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Recovered Warbirds Thread


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#41 shep854

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Posted 18 December 2018 - 2312 PM

Given the accounts of Forts having to belly in with the ball gunner trapped in a jammed turret, that might have saved a life or two.
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#42 Stuart Galbraith

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Posted 19 December 2018 - 0259 AM

Reducing drag was certainly one benefit. There was one raid the B24's did (Ive a feeling it was Ploesti, but I cant swear to it) and they were so low on fuel for the journey, they were instructed to wind in the ball turrets except when they were needed.

 

They also pulled them from USAAF doing agent drops in Europe on behalf of the OSS. In that case its probably at least partly due to the inability to see underneath the aircraft against the dark background below. A pity they didnt have anything like Village Inn strapped to it, but that would have been incredibly bulky.


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#43 JasonJ

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Posted 19 December 2018 - 0536 AM

This one looks quite smaller than the underside ball turret.


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#44 DKTanker

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Posted 19 December 2018 - 1105 AM

This one looks quite smaller than the underside ball turret.

 

Bigger, it's probably half again as large.


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#45 Stuart Galbraith

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Posted 20 December 2018 - 1206 PM

Thought this was interesting, a company just down the road from me making components using new technology to restore a Hawker Typhoon. Again, made just down the road from me.

 

https://www.renishaw...aircraft--39772

 

Meanwhile the RAF Museum get the last surviving complete one back from Canada. Only has 9 hours on the clock....

http://warbirdsnews....eum-london.html


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#46 shep854

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Posted 20 December 2018 - 1712 PM

Wartime film--Penguin's lighting them up!


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#47 Stuart Galbraith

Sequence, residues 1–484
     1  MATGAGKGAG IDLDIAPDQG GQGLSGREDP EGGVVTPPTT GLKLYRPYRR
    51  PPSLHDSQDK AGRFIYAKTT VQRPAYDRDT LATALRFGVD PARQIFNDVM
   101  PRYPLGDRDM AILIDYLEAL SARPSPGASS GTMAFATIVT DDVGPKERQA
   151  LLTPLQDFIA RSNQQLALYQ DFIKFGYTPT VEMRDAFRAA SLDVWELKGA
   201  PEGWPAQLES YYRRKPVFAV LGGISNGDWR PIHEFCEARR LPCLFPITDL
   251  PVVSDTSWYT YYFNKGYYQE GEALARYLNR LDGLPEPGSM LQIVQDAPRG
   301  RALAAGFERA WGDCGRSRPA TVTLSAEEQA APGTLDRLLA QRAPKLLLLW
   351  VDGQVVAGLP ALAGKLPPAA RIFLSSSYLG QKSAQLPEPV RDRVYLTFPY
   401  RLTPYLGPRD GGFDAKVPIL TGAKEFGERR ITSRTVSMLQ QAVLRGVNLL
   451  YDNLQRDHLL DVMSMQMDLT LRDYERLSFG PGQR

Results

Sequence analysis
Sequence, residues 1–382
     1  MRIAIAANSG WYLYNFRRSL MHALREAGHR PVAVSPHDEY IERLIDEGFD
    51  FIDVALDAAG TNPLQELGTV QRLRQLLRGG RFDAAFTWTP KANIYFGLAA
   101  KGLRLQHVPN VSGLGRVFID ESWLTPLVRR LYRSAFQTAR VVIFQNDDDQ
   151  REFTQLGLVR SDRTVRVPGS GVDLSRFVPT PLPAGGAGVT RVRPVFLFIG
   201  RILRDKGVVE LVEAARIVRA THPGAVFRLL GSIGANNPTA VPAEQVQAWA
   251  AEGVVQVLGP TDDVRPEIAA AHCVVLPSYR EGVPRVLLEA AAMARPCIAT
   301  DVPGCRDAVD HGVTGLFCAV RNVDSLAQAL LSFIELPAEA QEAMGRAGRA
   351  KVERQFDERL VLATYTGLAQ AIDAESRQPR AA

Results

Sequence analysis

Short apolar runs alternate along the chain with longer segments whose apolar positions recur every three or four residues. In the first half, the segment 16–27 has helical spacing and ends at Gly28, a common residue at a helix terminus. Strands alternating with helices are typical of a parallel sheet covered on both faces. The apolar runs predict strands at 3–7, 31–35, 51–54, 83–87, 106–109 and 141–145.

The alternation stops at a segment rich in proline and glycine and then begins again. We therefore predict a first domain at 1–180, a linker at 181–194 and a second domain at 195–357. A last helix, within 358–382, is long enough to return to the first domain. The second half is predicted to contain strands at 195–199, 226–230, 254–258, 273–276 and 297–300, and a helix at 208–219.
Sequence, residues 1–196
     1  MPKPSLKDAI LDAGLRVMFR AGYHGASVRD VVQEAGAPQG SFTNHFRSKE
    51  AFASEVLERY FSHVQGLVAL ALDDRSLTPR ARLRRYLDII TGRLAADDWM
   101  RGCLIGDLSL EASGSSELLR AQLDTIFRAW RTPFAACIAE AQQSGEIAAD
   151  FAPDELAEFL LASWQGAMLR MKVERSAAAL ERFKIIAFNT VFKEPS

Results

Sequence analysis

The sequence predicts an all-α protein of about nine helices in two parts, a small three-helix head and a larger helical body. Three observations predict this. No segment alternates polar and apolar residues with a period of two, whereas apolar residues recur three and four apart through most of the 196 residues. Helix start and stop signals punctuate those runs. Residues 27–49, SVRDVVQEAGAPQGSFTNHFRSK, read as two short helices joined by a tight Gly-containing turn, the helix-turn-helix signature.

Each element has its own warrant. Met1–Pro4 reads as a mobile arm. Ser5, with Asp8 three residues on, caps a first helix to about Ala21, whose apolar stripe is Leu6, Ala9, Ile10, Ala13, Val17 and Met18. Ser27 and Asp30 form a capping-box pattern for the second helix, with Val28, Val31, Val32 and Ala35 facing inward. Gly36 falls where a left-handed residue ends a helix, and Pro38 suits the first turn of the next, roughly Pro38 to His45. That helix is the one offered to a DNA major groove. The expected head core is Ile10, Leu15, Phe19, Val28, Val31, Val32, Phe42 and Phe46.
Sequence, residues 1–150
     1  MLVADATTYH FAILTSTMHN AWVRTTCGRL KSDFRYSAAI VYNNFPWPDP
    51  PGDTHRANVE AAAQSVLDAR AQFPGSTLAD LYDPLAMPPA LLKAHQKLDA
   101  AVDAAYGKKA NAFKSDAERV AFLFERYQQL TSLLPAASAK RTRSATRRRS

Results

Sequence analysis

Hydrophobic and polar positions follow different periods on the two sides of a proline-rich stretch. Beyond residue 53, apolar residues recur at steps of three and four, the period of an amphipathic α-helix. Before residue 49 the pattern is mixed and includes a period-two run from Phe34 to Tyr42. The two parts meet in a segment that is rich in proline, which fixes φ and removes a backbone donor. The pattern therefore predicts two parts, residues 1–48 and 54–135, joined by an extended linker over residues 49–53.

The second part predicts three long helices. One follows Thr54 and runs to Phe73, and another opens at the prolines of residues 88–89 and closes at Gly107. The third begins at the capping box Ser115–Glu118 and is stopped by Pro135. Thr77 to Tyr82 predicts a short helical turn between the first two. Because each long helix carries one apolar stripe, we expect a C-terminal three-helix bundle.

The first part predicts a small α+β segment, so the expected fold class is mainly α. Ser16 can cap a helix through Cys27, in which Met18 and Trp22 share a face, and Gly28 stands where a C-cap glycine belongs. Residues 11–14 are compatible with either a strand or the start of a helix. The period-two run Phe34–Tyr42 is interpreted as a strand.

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Posted 22 December 2018 - 1352 PM

Incidentally, if anyone is interested in recovering crashed aircraft, there is a new book out by After the Battle Publications called 'Wreck Recovery in Britain'. Well worth getting, particularly illuminating on the legal disputes over the right to dig crashed aircraft.

 

https://www.afterthe...troller=product


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#48 MiloMorai

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Posted 22 December 2018 - 1716 PM

Dad was a WAG in the RCAF. He tells of flying out over the sea in Wellingtons with the turret fully rotated and the doors open. Nothing but air between him and the deep blue sea. They were looking for U-boats. Iirc he said the tail gunner didn't wear a parachute. It had to be retrieved and attached if needed.

​

311_Wellington-4.jpg​


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#49 MiloMorai

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Posted 22 December 2018 - 1800 PM

wrong thread


Edited by MiloMorai, 22 December 2018 - 1803 PM.

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#50 shep854

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Posted 22 December 2018 - 1945 PM

wrong thread

Given the diversion into WWII turrets, a good post. :)


Edited by shep854, 22 December 2018 - 1950 PM.

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#51 Stuart Galbraith

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Posted 23 December 2018 - 0301 AM

Dad was a WAG in the RCAF. He tells of flying out over the sea in Wellingtons with the turret fully rotated and the doors open. Nothing but air between him and the deep blue sea. They were looking for U-boats. Iirc he said the tail gunner didn't wear a parachute. It had to be retrieved and attached if needed.

​

311_Wellington-4.jpg​

 

 

Ah, the dear old Wimpney.

 

 

Speaking of which I was reading a new book I bought wreck recovery in England, and back in 2002 they managed to pull half of one out of a beach in the Isle of Lewis. Which about trippled the surviving wellington population overnight.

http://news.bbc.co.u...and/2094410.stm

 

z1206_beach.gif


Edited by Stuart Galbraith, 23 December 2018 - 0303 AM.

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#52 Stuart Galbraith